Also, as the church grew I believe Joseph Smith wanted to move away from the magical roots of the Book of Mormon so he changed the story to something that sounded more biblical and less magical. The original story was the magical seer stone. The new story was the biblical Urim and Thummim.

While there have been a few times during church history that the seer stone has been mentioned, the Urim and Thummim has become such a dominant story in church culture that many people have never even heard of the seer stone or understand it’s history or role in creating the Book of Mormon.

At the end of the day, inserting the Urim and Thummim into the story at a much later date and making that story become the dominant story in the church is one reason I believe that the Book of Mormon was all a made-up story from the very beginning.

1 https://www.lds.org/scriptures/ot/ex/28.30?lang=eng#29

2 https://www.lds.org/scriptures/pgp/js-h/1.52-62?lang=eng

3 https://www.lds.org/topics/book-of-mormon-translation?lang=eng

4 https://archive.org/stream/EveningAndMorningStarReprint/Evening%20and%20Morning%20Star%20Reprint#page/n117/mode/2up (see page 116, near top of right column)

5 https://www.lds.org/scriptures/dc-testament/dc/10?lang=eng

6 http://www.josephsmithpapers.org/paper-summary/revelation-spring-1829-dc-10/1

7 http://www.josephsmithpapers.org/paper-summary/doctrine-and-covenants-1835/179

I believe the Book of Mormon is fiction because it was created the same way that Joseph Smith used to defraud people out of money.

In his young life, Joseph Smith was known as “seer” in his community. A seer is someone who could “see” things by looking into crystal ball, a stone, a bowl of water, fire, or other objects. Joseph Smith had a few seer stones that he used to see things in the earth. His favorite seer stone was a brown stone that he found when he was a teenager while helping dig a well for a man named Willard Chase. To see things in this stone, he would place the stone in the bottom of a hat, put his face into the hat to block out the light, and then somehow he would be able to see things in the rock.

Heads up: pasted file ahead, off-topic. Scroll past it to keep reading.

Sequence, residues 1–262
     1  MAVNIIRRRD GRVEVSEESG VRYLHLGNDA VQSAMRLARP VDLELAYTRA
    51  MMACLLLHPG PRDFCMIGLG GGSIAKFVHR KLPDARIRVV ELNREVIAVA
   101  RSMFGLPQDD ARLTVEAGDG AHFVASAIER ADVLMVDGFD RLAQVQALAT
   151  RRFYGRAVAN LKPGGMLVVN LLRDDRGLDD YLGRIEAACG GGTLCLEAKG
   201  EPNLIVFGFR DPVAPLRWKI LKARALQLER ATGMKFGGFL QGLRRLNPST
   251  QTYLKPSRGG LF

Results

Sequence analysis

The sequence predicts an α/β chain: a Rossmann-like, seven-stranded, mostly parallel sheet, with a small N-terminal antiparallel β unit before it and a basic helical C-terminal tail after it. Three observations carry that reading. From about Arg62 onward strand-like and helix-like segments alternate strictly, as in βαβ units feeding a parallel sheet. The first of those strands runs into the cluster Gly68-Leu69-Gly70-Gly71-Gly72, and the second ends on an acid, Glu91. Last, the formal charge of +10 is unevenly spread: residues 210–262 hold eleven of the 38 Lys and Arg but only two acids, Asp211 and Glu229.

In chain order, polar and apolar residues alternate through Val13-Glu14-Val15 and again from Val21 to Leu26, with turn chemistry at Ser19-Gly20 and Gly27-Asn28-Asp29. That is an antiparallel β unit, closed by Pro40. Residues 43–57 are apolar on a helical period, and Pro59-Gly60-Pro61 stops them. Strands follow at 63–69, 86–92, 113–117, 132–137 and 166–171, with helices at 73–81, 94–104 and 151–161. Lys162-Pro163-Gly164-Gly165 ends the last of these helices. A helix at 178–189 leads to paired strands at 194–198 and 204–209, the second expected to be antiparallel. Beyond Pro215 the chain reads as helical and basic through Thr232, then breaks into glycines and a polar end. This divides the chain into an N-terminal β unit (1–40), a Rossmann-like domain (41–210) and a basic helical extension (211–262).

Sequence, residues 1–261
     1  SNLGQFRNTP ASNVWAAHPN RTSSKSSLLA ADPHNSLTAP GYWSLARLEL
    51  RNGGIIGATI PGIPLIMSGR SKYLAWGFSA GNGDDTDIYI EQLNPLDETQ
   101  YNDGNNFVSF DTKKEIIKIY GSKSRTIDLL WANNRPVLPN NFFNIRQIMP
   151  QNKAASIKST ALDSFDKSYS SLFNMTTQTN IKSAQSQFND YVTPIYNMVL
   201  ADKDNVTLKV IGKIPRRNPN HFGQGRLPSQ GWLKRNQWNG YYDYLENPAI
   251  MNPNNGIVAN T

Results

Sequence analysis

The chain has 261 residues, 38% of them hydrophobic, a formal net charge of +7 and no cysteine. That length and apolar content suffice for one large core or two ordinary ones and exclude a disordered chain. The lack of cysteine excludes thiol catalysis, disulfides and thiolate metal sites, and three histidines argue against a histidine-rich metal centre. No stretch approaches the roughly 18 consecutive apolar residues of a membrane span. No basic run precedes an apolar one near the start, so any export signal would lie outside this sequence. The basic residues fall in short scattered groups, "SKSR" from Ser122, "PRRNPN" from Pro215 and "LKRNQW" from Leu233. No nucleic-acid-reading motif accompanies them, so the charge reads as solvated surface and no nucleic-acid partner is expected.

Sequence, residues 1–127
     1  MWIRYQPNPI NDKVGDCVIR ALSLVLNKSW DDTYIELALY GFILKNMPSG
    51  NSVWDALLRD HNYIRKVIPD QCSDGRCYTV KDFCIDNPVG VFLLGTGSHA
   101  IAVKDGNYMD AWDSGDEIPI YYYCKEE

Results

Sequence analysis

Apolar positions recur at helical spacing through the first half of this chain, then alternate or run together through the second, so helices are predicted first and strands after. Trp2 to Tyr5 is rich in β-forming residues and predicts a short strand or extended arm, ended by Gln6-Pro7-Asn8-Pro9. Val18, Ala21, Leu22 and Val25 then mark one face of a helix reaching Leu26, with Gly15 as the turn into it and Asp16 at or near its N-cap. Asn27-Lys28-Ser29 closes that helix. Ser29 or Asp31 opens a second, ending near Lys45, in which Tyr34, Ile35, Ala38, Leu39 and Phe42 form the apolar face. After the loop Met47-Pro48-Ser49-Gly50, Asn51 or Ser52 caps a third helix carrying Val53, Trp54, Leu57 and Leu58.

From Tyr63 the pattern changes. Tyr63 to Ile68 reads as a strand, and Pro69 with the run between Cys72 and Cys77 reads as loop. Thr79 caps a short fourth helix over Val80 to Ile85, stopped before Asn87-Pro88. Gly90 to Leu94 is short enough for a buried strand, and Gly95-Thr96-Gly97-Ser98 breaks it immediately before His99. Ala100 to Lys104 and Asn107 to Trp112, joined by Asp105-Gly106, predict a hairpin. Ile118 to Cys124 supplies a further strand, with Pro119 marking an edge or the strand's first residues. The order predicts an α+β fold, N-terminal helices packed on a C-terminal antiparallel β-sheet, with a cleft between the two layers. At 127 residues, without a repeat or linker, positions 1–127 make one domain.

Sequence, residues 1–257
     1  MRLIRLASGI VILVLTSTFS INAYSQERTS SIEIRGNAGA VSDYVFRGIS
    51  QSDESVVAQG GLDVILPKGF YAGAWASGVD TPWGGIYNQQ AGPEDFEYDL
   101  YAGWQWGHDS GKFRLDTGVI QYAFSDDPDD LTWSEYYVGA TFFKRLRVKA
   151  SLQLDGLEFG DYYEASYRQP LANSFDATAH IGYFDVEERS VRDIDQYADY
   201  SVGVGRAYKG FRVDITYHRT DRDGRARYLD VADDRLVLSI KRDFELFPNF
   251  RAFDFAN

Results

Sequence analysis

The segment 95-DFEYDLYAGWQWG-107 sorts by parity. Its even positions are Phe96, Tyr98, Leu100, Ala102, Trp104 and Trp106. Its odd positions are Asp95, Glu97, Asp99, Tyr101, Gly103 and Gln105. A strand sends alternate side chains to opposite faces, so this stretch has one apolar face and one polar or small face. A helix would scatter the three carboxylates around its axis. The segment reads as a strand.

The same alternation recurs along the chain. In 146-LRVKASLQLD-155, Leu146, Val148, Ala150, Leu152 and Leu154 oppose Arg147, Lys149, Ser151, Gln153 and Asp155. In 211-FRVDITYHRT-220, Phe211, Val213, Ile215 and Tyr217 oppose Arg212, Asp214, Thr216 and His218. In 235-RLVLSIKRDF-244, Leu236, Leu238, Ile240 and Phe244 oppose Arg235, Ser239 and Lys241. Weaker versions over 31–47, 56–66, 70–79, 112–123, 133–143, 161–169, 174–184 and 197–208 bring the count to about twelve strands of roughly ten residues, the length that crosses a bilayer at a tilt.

At least he said he could see things. What could he see? He saw different things. He said he could see where lost treasure was buried in the earth, lost money, and lost property. People paid him money to use his seer stone to find these things. But there’s no indication that he ever actually ever found anything.

In 1825, Josiah Stowell hired Joseph Smith to use his seer stone to help him find underground gold mines. The mines were never found and the result was that Joseph Smith to be brought to trial for the crime of “glass looking.” Essentially, this meant that Joseph Smith was accused of defrauding Josiah Stowell out of money by claiming he could see things by looking into his seer stone.

At the trial, Josiah Stowell testified that he believed in Joseph Smith’s abilities despite the fact that the mines were never found. Others testified against Joseph Smith.

In the end, Joseph Smith was found guilty of a misdemeanor and was required to pay a fine of $2.68.

The original transcripts from the trial have been lost, but a copy of them were published in the 19th Century.1 In addition to the transcripts, an original copy of the courts’ bill for Joseph Smith has been found which verifies the fee of $2.68.2

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same [i.e. The People]
vs.                                                                Misdemeanor
Joseph Smith
The Glass Looker
March 20, 1826
.                                                                   To my fees in examination
================                                     of the above cause                     2.68

It was one of these same seer stones that Joseph Smith used to translate the Book of Mormon. To translate the Book of Mormon, Joseph Smith used the same method that he used to “see” buried treasure in the earth. He put the stone in a hat, put his face into the hat to block out the light, and “saw” glowing words on the rock that became the text of the Book of Mormon.